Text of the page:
BEST CHIPS AND SALSA 2003 | Jordan's | Food & Drink | Phoenix
Jordan's has been a Phoenix landmark since 1946, and the place looks its age, with its dark interior, shiny, gold-flecked wallpaper and ragged red carpeting. Thank goodness for tradition, though -- the owners have seemingly never learned that so many restaurants these days are happy to shame us with food from bags, boxes and freezers. All food here is prepared fresh from scratch daily, including, wonder of wonders, the crispy, salty warm corn chips slapped in baskets for free on our tables. The chefs make their own salsas, including a thin, wet, truly infernal tomato purée; and a gentler mix that kind of reminds us of tomato soup. Our waitress, in fact, actually rolls her eyes when we ask if these beauties are made on-site, by hand. She sighs, and says, "Of course, there's no other way." Long live the legend.

Readers' Choice for Best Salsa: Garduo's

Some of them look like dinner rolls dusted in psychedelic sugar. Some look like buns that have had a violent run-in with fruit. But they're called bunuelos, and they're actually little bundles of joy. The Mexican pastries are flaky, light, and usually just slightly sweet (most of the sugar comes from the colorful topping, in pink, yellow, blue and/or green). They taste best when freshly made, and at Azteca, the bakers are busy every day except Sunday, stocking the cases of the small takeout shop with multiple all-natural, preservative-free varieties. Selections vary, but usual offerings include pan dulces (sweet rolls and breads), empanadas (turnovers), galletas (cookies), orejas (puff pastry) and pan de muerto, a Day of the Dead specialty. If that weren't enough, this shop also cranks out homemade tortillas. Sweet!
If eating a bowl of menudo means you have a lot of guts, what better way to show it than by getting into a boxing ring just a few feet from your dinner table? You can do that every Wednesday night at Pitic Restaurant, famous for its caldo de res and green salsa. The attached lounge serves up amateur night and enchiladas for the fight-crazy crowd, who line up in neatly placed rows. The place is a riot mostly because the crowd tends to take over with funny-as-hell jabs at the boxers and announcers. Street fighters and proud papás sign up weeks in advance for their shot at a $300 cash prize and to appear on Canal 53, a low-power Spanish TV station that broadcasts the fights the ensuing Saturday night.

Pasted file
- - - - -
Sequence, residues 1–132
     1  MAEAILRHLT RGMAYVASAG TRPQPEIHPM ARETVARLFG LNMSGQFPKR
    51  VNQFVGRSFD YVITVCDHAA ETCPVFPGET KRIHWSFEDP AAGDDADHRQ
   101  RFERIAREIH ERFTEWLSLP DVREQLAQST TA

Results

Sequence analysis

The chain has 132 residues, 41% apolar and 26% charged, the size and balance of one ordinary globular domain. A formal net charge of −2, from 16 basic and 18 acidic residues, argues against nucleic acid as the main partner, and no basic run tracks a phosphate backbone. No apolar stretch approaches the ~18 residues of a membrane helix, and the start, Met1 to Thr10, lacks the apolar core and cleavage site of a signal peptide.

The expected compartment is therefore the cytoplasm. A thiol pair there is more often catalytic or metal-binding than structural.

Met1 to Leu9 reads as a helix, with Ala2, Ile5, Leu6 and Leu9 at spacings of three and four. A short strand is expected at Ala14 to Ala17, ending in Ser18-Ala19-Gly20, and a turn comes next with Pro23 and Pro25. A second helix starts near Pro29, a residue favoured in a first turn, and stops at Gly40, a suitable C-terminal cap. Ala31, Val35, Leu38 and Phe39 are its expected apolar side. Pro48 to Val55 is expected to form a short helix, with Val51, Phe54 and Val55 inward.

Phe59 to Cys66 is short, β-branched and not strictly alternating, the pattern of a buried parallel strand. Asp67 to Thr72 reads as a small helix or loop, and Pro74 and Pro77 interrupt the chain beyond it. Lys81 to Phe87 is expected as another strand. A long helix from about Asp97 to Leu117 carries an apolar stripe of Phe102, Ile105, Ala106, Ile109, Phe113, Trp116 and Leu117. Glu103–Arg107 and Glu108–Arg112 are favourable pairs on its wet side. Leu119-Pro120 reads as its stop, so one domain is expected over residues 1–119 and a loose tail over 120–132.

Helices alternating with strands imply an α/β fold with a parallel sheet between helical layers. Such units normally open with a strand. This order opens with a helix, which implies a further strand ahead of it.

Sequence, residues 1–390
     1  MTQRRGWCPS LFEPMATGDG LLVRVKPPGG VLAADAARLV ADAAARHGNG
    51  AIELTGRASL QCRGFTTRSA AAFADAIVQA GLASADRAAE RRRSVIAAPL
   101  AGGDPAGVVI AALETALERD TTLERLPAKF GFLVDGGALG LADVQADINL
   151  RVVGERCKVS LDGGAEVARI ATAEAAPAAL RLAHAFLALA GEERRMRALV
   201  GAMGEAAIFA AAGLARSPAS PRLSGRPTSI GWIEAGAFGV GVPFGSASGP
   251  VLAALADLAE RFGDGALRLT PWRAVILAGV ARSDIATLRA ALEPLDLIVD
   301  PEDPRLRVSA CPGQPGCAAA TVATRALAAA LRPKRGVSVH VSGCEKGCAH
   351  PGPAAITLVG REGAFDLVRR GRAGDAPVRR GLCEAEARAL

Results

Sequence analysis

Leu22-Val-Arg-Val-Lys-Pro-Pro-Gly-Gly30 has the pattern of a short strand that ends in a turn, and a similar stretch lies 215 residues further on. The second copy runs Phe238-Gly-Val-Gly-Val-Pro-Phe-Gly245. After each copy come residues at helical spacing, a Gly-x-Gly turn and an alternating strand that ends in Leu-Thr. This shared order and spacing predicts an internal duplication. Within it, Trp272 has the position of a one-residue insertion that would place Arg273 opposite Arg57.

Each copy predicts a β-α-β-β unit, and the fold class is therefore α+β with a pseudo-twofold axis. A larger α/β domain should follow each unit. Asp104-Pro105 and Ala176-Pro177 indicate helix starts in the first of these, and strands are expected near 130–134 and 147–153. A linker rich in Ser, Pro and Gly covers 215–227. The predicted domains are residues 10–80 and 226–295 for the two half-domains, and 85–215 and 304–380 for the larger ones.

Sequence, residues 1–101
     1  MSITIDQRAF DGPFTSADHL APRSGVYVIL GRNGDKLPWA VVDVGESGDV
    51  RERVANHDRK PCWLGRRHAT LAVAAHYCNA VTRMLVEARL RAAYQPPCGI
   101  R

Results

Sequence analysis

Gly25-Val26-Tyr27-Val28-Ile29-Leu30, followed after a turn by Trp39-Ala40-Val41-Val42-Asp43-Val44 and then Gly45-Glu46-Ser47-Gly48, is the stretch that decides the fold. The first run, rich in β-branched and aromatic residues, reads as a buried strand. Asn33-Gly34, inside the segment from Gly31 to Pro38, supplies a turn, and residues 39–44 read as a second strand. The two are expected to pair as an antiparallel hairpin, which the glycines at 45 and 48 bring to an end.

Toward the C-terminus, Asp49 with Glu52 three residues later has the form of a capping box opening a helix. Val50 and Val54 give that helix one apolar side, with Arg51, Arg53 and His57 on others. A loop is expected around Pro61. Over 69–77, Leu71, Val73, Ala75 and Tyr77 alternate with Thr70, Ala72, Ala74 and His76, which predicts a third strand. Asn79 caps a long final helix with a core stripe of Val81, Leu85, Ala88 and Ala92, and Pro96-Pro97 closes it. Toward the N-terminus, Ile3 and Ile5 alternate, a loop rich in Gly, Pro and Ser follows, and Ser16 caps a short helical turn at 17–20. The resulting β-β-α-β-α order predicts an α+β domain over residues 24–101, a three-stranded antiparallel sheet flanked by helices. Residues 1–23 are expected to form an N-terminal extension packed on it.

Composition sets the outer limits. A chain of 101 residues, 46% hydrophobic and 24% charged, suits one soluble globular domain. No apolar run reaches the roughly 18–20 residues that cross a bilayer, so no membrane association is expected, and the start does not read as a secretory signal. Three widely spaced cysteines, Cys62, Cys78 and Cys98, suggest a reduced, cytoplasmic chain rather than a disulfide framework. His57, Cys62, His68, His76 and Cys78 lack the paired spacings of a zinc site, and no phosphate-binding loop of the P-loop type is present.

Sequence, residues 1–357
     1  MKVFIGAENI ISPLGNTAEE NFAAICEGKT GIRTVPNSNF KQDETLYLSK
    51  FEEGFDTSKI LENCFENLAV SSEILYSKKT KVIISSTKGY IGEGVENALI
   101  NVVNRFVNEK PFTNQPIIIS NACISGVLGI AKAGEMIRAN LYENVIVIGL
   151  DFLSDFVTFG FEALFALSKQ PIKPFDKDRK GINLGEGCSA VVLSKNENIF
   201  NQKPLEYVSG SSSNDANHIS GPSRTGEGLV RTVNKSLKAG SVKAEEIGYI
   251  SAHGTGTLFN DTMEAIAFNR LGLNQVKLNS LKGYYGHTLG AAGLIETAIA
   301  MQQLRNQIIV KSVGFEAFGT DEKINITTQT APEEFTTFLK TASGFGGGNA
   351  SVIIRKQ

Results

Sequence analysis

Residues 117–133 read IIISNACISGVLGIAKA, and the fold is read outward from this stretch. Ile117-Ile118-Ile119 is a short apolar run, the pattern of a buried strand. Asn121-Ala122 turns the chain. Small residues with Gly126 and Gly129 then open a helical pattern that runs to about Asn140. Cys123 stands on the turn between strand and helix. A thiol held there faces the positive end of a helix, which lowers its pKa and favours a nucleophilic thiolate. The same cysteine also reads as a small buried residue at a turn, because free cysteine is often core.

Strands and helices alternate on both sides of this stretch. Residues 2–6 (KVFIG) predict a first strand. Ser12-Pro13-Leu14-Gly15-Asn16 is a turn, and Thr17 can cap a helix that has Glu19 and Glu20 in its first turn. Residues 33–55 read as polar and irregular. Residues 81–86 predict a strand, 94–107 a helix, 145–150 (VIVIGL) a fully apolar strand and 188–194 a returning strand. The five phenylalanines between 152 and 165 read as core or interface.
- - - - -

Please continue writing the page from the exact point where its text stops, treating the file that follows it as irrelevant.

Don't let the out-of-place bingo games get in the way of good, hard-punching entertainment.

Timur Guseynov
If there's anything we can't find in this 24,500-square-foot south Phoenix mercado, all we have to do is visit its second location, a 40,000-square-foot monster in the West Valley. Pretty much the entire country of Mexico is contained within these stores, with a jaw-dropping display of staples like whole beef head, carne seca, fresh coconut, guava gel, mammee fruit, and tamale husks. Yet perhaps the most exciting feature is the food court, a massive area of quick-serve meals of such top quality that it's hard to believe we're not in a real restaurant. It even looks like a restaurant, fronted with a classy wooden ranch house façade, and filled with throngs of families feasting at picnic-style tables. The booty is beautiful: a buffet array of chile Colorado tacos, tortas, burritos, sopes, cocido, tamales, homemade tortillas, roasted chicken, carnitas, rice, beans, salsas -- all cheap at about $5 for a full meal. We can eat with the masses at the tables, charged up with thundering piped-in mariachi music. Or, we can get our stuff packed in Styrofoam, to indulge in a quieter, private picnic at home. Either way, when the lunch and dinner bells ring, we're heading for the ranch.

A margarita needs to be prepared properly. That's why we like the magical margs served at Brasa Roja. The place is a Colombian restaurant, but bartenders know their way around this specialty Mexican concoction like nobody's business. Each drink is made to order, not too sweet, and served in a rainbow of flavors like lime, peach and strawberry. We like sipping a salty one on a weekend night when the live Latin American music plays. It's just the thing to go with nibbles of patacón, a delightful appetizer of green plantains, sliced and gorgeously greasy-crisp deep-fried. The chips are sprinkled with salt, and then dipped in zingy green aji chile salsa or Dijon-mayo sauce sparked with jalapeo. Another round for everyone!

Readers' Choice: Garduo's

Until we discovered San Carlos Bay, we never understood octopus. Sure, we'd eaten it as sushi, and were happy enough with the sometimes rubbery, often tasteless seafood. The novelty intrigued us, though never knocked us out. Yet now we know: There's simply nothing better than San Carlos' garlic octopus, impossibly tender, outrageously fragrant, and decadently buttery. It positively melts in our mouths, spooned in messy bundles of flour tortillas wrapped around French fries, rice, beans and salad. In fact, San Carlos has given us an entirely new appreciation for the swimming stuff of all kinds. We adore the authentic seafood cocktail, brimming with octopus, squid and shrimp in a zesty tomato broth spiked with cucumbers, onions and cilantro. Shrimp is always sparkling fresh, served in our favorite culichi style (a tangy green sauce blended with cheese and sour cream) or "endiablados" (meaning the devil, as in hot sauce). Snapper is stupendous, too, prepared Veracruz-style (zesty olives, onions, tomatoes and peppers), or served whole, fried and torn in fleshy chunks, slathered with creamy beans and rice, dunked in zingy salsa and wrapped in warm tortillas.